Hardly a coincidence it appeared right after America's disgraceful ports debacle.

Too late to effectively counter that. The ground work that makes it effective was never countered.

3/10/2006 08:14:00 PM  
Blogger Milan Oskoryp Sr. said...

whit.:
problem with French is I would not say "liars."
Maybe different thinking in diplomacy and overly selfish.Clausewitz:
"...war is continuation of diplomacy by other means."It was valid even for "Nazis."It is not valid for France.That why we run into problem with Iran.Over "slickness."Richelieu,
Talleyrand.

3/10/2006 08:40:00 PM  
Blogger anonymouscoameq said...

Because the media, and other political opponents make such a fuss over any known efforts to get the US side of the story accross to the enemy population, information war efforts are mostly covert. Therefore it is very difficult to know if we are doing badly or well. I would guess that we are actually doing well but it is not obvious because we don't know how bad off we'd be without the covert efforts that we don't know about.

(Of course, the recent Dubai fiasco did not help.)

3/10/2006 08:42:00 PM  
Blogger Buddy Larsen said...

deVillipin, same mold.

3/10/2006 08:43:00 PM  
Blogger Milan Oskoryp Sr. said...

can.#4.:
I would like to have 1/1000 of money USA spent to "do" proper ground work.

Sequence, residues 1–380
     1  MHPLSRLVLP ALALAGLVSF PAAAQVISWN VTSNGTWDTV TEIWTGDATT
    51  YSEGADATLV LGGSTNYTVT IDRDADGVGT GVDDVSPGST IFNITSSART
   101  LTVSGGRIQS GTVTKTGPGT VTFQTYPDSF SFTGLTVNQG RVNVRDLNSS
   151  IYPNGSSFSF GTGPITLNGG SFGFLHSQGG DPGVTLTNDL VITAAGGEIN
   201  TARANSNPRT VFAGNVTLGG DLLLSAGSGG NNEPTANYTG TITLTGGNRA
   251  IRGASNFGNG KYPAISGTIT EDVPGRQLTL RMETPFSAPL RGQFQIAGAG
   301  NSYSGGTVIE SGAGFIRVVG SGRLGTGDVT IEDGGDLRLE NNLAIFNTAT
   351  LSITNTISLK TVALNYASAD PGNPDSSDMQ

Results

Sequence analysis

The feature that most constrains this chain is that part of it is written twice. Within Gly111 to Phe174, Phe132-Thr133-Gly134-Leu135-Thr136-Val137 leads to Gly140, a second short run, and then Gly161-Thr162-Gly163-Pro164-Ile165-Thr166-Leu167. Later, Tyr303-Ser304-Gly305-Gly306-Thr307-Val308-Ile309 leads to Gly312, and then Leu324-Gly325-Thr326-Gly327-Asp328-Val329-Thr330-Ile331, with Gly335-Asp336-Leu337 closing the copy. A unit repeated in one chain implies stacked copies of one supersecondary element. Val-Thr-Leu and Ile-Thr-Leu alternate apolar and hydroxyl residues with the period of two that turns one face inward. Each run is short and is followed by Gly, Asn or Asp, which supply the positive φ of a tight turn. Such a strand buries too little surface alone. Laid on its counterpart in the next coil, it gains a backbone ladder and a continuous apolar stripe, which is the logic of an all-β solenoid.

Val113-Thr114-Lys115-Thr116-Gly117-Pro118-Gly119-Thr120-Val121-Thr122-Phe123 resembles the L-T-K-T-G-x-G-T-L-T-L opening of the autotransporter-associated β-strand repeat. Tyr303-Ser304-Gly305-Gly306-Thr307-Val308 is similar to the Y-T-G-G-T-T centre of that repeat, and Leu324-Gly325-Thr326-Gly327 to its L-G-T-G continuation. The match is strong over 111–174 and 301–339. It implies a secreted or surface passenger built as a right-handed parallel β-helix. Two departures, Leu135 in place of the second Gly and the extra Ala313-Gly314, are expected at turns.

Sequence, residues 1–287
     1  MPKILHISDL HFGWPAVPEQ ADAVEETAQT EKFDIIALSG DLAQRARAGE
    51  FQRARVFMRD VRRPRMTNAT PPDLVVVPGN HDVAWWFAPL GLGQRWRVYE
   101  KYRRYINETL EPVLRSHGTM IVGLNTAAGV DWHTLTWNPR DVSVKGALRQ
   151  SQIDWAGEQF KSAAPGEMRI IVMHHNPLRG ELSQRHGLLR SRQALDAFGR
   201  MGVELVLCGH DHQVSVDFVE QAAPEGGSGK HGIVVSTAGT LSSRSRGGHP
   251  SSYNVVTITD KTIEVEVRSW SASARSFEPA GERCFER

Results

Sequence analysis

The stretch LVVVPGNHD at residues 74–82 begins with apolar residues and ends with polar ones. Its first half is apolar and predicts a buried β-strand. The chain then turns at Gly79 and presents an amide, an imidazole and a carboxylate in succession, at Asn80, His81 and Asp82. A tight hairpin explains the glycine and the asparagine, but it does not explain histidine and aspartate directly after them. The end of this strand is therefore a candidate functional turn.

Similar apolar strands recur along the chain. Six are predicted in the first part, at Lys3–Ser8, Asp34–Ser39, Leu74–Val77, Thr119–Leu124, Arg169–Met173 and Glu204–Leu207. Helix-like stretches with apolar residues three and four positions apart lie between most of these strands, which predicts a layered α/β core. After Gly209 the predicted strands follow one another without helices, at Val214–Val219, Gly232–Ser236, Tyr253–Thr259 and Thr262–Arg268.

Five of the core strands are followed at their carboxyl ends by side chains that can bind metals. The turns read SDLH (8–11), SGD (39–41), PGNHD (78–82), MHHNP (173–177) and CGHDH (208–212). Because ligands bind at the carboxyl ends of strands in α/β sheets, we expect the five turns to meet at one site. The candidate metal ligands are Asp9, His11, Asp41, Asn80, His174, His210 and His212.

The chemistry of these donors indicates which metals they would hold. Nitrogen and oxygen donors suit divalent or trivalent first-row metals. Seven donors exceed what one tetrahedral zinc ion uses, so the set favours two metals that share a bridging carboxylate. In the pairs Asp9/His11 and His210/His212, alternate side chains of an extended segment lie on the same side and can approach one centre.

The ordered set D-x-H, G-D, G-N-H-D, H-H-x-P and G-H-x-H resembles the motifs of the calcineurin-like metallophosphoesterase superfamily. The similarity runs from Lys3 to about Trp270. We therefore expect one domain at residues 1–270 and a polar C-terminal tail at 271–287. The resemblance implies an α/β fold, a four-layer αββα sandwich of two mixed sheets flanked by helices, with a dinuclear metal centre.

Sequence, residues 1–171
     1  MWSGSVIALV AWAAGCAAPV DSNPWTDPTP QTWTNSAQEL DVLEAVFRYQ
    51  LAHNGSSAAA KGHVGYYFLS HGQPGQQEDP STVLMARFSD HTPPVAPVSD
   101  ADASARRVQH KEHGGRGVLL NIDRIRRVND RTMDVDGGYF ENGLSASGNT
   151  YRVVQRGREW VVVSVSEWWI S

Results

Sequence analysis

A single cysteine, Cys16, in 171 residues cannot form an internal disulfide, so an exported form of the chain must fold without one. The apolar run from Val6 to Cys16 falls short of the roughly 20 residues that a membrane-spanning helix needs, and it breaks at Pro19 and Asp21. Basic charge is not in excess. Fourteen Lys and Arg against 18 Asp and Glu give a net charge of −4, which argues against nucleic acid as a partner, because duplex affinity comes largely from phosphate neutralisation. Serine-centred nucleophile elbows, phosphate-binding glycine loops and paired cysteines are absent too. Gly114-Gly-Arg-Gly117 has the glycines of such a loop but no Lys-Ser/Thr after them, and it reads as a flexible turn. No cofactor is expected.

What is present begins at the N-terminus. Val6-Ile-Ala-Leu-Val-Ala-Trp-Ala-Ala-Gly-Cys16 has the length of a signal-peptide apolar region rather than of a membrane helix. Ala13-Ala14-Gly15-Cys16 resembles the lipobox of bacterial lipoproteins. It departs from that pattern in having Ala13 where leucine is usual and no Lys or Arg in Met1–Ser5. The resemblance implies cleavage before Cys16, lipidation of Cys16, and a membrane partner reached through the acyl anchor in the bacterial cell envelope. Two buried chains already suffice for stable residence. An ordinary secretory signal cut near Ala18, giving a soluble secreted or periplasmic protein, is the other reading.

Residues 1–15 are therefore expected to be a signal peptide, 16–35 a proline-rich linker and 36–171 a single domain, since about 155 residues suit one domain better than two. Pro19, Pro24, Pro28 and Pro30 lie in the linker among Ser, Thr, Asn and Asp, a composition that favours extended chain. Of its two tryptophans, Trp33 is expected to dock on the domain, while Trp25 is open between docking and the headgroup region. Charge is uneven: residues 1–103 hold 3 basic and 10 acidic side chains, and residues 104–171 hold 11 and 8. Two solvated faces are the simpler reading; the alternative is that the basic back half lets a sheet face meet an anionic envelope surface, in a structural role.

From times of Cold war to Muslim war.
Sometimes certainty could be only empty song.Sometimes where is not-a-thing today,tomorov....?

3/10/2006 08:47:00 PM  
Blogger Cedarford said...

Wretchard - The underlying reason why America is doing so poorly in the field of "information warfare" against the Jihad is that its traditional organs of articulation -- the academy, media, Hollywood -- are largely hostile to the War on Terror itself.

Aww, come on Richard! You know that there is no global war on the "tactic of terrorism" and it took Bush longer than the time WWII was fought to actually define who the enemy was - radical Islamists.

The Bushies have no coherent strategic communications strategy and spent many years denying Islam had anything to do with it.

We are so far behind the Islamoids in being honest about what we are all about and presenting that to global media that the real communications will have to start 7 years after 9/11 when an honest strategic effort to 1st influence the West inc. the media -, then non-aligned, then Muslim nations - starting with whoever Bush's sucessor is - to get past the "Global War on Terror", "Cowardly Evildoer", "Religion of Peace", "You'd Love How Great America Is If You Only Knew" - nonsense we churned after 2001.

It will take a new President to get past the counterproductive Bushisms.

Bush had his chance and fucked it up in "evildoer", ROP, war on the tactic of terror...don't name the enemy rubbish while the Islamoids carefully spelled out who their enemy was and what their strategy and call to arms exactly was..

You can't blame the media when folks like Reagan got his message out clearly. Nor the Euroweenies when Bush I and Clinton handled them.